Teacher Tuesday: WSESD’s Shannon Miller.

August 4, 2020

Shannon Miller, right.

Teacher Tuesday: WSESD’s Shannon Miller.

Teacher Tuesday is a presentation of Shelby State Bank, www.shelbystatebank.com.

By Kate Krieger, MCP Staff Writer.

VICTORY TWP – When the coronavirus forced schools to turn to distance learning, the majority of schools figured out a plan for their students for the rest of the school year via the Internet. But when the program entails so much hands-on earning, it became a lot harder to facilitate instruction.

West Shore Educational Service District’s Career and Technical Education (CTE) programs like the ones offered to high school students at West Shore Community College had many struggles to make sure students still received appropriate education while learning at home.

Shannon Miller, a 1998 Ludington High School graduate, is the Culinary Arts and Hospitality teacher for the CTE program.

“CTE is especially challenging since many of the skills we teach need to be performed hands on,” she said. “We also have a lot of state requirements involving student work experiences and field trips so digital learning creates a lot of extra challenges for us. I have high hopes that if we are in a situation to teach remotely again the expectations are clearer for everyone. Overall, I think our team has done a great job considering the hand we have been dealt.”

Miller graduated from Ferris State University, but during her first years of college didn’t really have teaching on her mind.

“I actually changed my major to education after my third year of college,” she said. “I had been subbing during the summers and school breaks and really enjoyed the energy and atmosphere. I went to Ferris and graduated from Ferris with a bachelor of arts degree  in education in 2003.”

Spending some time in the classroom after graduation gave Miller hope to land a teaching job in Mason County, but soon things changed.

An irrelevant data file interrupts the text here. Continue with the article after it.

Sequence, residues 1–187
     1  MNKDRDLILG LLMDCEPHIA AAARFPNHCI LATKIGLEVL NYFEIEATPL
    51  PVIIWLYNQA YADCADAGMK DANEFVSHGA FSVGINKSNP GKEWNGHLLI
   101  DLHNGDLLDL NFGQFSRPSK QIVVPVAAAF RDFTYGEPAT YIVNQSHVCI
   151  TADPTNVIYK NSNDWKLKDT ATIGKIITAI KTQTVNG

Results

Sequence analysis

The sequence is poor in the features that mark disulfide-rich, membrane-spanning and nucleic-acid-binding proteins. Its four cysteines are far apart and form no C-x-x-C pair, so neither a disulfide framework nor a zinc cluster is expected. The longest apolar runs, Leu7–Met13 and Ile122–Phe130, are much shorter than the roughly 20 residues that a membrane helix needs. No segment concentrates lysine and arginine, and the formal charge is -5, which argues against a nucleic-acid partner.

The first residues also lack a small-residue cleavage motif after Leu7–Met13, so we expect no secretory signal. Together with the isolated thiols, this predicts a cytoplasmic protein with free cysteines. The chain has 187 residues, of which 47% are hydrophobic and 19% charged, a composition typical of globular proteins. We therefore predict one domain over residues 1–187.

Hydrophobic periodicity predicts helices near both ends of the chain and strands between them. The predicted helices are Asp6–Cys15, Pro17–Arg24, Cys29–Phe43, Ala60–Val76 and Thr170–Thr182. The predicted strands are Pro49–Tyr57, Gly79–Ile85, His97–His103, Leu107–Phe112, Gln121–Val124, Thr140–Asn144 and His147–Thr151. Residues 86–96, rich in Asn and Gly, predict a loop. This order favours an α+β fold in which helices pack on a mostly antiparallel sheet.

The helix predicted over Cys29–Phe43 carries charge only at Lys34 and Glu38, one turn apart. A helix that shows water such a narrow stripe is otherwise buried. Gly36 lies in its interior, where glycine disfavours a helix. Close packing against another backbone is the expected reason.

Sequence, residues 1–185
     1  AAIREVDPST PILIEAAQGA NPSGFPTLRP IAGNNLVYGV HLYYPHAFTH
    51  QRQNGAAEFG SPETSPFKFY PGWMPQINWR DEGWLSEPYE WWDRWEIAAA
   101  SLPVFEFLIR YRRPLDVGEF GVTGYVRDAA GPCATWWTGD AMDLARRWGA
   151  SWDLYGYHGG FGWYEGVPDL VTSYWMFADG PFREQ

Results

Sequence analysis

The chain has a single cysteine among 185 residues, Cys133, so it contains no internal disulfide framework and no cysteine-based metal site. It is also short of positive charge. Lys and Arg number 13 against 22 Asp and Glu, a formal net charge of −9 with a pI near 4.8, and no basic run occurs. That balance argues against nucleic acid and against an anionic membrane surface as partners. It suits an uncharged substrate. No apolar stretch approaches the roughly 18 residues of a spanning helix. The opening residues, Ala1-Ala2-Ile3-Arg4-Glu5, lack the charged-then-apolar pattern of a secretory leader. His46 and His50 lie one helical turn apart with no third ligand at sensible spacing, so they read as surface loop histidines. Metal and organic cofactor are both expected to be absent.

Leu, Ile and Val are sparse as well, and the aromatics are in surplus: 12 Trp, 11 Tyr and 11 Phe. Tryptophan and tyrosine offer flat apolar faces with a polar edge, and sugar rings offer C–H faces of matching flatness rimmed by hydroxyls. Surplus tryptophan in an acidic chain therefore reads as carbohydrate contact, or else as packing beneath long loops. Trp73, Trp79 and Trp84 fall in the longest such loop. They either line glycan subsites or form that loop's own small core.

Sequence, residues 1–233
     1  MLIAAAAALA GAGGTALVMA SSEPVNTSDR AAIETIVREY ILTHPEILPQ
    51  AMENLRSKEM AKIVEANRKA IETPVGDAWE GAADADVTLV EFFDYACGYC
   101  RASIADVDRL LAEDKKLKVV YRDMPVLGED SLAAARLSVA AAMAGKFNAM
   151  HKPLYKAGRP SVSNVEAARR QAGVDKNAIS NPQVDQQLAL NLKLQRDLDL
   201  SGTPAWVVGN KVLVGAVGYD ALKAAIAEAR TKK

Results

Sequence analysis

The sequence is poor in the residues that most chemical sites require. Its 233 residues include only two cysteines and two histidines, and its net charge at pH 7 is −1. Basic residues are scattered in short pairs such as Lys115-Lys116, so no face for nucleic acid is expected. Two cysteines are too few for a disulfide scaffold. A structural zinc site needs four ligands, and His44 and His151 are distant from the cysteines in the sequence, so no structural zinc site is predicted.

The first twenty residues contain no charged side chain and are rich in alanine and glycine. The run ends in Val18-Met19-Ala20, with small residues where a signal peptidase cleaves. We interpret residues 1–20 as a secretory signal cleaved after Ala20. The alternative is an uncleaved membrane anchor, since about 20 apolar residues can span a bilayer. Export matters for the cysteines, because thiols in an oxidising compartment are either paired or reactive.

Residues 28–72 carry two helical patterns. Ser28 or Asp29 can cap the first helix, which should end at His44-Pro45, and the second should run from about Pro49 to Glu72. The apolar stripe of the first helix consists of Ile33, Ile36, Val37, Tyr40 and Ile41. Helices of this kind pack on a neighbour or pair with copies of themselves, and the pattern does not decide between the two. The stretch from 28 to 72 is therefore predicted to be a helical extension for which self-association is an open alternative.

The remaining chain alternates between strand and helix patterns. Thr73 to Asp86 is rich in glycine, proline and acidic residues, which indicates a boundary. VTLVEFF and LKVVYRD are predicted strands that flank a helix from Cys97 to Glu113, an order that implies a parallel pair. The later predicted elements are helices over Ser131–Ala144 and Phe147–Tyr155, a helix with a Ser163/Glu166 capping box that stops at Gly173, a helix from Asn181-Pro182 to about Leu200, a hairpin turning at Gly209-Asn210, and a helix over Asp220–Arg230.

“I had been working as an instructional assistant at Scottville Elementary School for a couple years in hopes that a position would open,” she said. “They then ended up laying off teachers the following year so I chose to stay home and raise my three boys.”

Not returning to the classroom for many years, Miller raised her three boys, with her husband, Todd while she worked part-time in the food and beverage industry.

“I worked at House of Flavors from 1994-2000 and Jamesport from 2000 until now,” she said. “I’ve been there off and on when my kids were young and then more so when they all went to school and I still help out during the summer months.”

With a passion for customer service, over 25 years of experience in culinary and hospitality and a teaching degree, when the job for a Culinary Arts and Hospitality teacher opened up at WSCC, Miller knew she needed to apply. 

“I am going into my third year as the Culinary Arts and Hospitality teacher for WSESD CTE program,” she said. “Career and Technical Education (CTE) courses prepare students for high demand careers with a depth of learning that builds real-world skills. CTE brings together students from nine school districts in our area. We give students the opportunity to obtain certifications and skills that can help them get a job or give them the foundation to further their education to meet their career goals. Many of the programs have articulation agreements to provide college credits after successful course completion. Students love coming to our classes because they are hands on and usually the students have a deep-rooted interest in the subject.”

Even though it might not look like a normal classroom environment, Miller has a two-part job, where she is instructing students in a more traditional-style class, along with a lot of hands-on work in the kitchen at WSCC, where her students have had the opportunity to cook and create many different culinary options from their own choosing. Miller said that seeing her students in action is one of her favorite parts of her job.

“I love watching the students get excited about learning new things,” she said. “I also enjoy watching students achieve their goals and coming back in years after to share their successes.”

With COVID-19 forcing her students to learn from home, Miller continued to work with them as closely as possible to ensure each of their own personal success and when asked about any dislikes about her job, she didn’t really have any.

“I have to say as a CTE teacher I am pretty lucky,” Miller said. “My job is a blast. I have had students tell me that if it was not for their class they would have dropped out of school. So in regards to teaching in the CTE world, I would change nothing.”

It’s obvious that Miller has a passion for working with people or she wouldn’t have had such a long-standing career in hospitality, but she does have one piece of advice for anyone looking to pursue a career in any field out there.

“As I tell any student in regards to any career. Make sure you do something you love and it will never feel like a job.”

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